Little is known about neonatal gut mucosal immunology. The mucosal surface is exposed to a huge antigenic challenge and the immature mucosal immune system must learn to distinguish when a tolerogenic versus an immunogenic response is most appropriate [42]. The neonatal gut is an important portal of entry for HIV, the mechanisms of which have not been elucidated.

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Adolescent immunity

An increase in gonadotropic hormones that promote the secretion of androgens and oestrogens in both boys and girls characterize puberty. Both Leydig cells and ovaries produce testosterone and 17-β-oestradiol (17-β-E2). In normal children, testosterone levels begin to rise at a bone age of about 12 years in boys and at 10 years in girls. However, dihydroepiandrosterone (DHEA) levels begin to rise earlier, at about 7 years of age in boys and 8 years of age in girls. Both 17-β-oestradiol (17-β-E2) and testosterone levels increase substantially through the pubertal stages and are highest at pre-menopausal adulthood [43].

Various lines of evidence suggest that immunological responses and sex steroid hormones are linked at physiological and cellular levels. The increased risk of autoimmunity among pubertal and post-pubertal females (and males to a lesser degree) strongly suggests that sex steroids affect immune function [44]. T cells and macrophages express intra- and extracellular receptors for oestrogens and androgens, implying a direct effect of these hormones on the immune system [45]. B cells, however, express only intracellular oestrogen and androgen receptors [46]. As a result, sex steroid hormones have many effects on the innate and adaptive immune system (reviewed in [47] and summarized in Table 1).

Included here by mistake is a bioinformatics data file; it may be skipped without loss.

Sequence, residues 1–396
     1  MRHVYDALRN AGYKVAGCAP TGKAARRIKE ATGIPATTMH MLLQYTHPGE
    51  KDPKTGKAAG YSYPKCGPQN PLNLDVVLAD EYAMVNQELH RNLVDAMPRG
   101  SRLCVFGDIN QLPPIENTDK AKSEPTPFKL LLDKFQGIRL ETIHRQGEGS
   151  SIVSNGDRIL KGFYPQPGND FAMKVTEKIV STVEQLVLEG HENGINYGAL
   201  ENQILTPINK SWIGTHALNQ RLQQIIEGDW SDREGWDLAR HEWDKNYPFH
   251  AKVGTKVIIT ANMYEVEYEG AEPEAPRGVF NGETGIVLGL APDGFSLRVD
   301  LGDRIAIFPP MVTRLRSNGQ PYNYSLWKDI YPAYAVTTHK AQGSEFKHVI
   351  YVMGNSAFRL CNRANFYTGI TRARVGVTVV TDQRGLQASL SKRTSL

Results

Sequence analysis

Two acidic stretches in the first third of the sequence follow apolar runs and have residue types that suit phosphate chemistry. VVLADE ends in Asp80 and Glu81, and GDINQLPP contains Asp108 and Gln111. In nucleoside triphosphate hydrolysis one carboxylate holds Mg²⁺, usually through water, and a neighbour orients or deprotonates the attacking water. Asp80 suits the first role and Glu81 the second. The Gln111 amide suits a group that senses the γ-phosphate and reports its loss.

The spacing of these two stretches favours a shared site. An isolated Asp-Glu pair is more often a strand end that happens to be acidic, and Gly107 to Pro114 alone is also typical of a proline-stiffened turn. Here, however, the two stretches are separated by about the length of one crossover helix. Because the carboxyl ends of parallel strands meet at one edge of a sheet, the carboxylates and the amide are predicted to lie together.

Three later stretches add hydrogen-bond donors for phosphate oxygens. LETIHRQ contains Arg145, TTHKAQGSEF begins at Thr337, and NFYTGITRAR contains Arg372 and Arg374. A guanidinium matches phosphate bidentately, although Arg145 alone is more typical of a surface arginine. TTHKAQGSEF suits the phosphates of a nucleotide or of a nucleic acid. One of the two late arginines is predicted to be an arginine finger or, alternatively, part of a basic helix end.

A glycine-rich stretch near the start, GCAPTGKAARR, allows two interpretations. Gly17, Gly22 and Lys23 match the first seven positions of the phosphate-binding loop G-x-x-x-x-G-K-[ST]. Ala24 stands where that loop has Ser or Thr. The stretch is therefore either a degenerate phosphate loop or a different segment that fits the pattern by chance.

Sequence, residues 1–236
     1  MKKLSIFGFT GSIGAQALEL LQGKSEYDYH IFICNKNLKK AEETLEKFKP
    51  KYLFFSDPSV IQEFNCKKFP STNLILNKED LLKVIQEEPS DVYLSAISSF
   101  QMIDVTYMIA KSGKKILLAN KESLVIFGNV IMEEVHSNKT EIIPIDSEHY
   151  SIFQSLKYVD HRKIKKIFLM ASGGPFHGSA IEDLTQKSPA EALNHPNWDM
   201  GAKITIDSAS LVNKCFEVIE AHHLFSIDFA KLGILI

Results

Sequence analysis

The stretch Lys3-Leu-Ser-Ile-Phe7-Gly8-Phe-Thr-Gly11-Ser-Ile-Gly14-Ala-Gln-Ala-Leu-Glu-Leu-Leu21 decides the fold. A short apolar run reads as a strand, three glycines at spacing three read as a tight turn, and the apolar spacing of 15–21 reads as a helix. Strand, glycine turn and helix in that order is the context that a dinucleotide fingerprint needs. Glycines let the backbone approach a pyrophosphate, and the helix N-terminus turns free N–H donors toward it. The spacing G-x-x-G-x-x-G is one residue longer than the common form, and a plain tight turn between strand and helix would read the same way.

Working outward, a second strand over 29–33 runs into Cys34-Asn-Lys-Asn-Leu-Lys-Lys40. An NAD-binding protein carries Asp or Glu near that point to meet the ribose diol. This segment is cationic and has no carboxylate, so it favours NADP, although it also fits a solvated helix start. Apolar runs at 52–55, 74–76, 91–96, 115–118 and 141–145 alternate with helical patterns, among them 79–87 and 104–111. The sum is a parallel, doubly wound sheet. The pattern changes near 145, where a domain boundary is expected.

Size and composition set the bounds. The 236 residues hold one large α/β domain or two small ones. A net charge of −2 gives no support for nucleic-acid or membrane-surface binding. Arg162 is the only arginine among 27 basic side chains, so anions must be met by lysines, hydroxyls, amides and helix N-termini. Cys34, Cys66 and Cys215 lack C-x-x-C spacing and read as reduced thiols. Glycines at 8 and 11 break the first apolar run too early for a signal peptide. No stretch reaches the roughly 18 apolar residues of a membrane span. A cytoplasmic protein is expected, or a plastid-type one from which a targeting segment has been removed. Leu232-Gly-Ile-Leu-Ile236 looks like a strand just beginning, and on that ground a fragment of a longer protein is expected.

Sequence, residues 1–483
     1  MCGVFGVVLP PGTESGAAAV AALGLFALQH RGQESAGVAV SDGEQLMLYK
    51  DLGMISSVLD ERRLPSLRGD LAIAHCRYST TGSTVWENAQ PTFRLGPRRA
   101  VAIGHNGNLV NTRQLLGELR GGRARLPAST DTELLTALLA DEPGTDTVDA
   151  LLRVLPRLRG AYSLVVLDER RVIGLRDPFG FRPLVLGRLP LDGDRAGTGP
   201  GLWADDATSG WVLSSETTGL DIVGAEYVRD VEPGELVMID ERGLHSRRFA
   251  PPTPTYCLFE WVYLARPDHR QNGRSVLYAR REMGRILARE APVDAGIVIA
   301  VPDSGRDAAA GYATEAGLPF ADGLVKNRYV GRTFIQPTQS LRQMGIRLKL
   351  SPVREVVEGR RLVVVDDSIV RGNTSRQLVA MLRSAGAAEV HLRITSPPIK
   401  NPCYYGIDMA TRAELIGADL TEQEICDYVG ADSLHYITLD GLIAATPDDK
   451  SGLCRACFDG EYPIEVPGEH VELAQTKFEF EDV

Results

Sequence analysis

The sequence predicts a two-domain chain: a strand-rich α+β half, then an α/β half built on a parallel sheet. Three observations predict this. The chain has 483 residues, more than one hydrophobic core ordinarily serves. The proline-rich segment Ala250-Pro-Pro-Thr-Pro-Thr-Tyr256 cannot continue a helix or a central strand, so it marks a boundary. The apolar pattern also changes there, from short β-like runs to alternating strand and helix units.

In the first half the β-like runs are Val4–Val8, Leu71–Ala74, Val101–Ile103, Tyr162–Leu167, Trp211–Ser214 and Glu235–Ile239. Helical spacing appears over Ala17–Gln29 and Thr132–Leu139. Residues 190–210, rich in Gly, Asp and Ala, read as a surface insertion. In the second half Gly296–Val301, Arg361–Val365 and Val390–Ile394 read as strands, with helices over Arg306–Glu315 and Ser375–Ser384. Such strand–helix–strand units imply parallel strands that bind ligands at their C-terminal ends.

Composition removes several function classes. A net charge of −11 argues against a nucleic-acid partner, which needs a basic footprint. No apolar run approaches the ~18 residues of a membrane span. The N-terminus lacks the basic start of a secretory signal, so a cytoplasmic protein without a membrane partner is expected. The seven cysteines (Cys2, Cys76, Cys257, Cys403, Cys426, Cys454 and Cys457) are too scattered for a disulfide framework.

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Oestrogens exert dose-dependant effects on the immune system; physiological levels of 17-β-E2 are immunostimulatory whereas higher levels have been shown to be immunosupressive [48]. Oestrogen stimulates IgG and IgM secretion by human peripheral blood mononuclear cells (PBMC) in vitro [49]. At the vaginal mucosal surface, an important site for prevention of acquisition of HIV infection, a greater drop in IgG, but not IgA, occurs during the follicular phase of the menstrual cycle in adolescent females compared to adults [50]. Monocytes, macrophages and antigen presentation also seem to be affected by oestrogen (Table 1). Oestrogen (E2) has effects on T-cell immunity, causing fluctuations in CTL activity in the human endometrium during the menstrual cycle. CTL activity is high in the pre-ovulatory phase and absent in the post-ovulatory phase [51].

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Androgens secreted at higher levels during male and female puberty may influence immune responses. The most well known, testosterone, may suppress the stress response to infection; evidence supporting this comes from observations that adrenal and immune corticosterone responses to endotoxin in animals are inhibited by testosterone [48]. These stress responses are maximal prior to puberty in both male and female mice [52]. DHEA and its metabolite, androstenediol (AED), appear to have the opposite effect to testosterone; they protect mice from lethal bacterial infections and lipopolysaccharide (LPS) challenge [53]. Specific effects on the immune system are found in Table 1.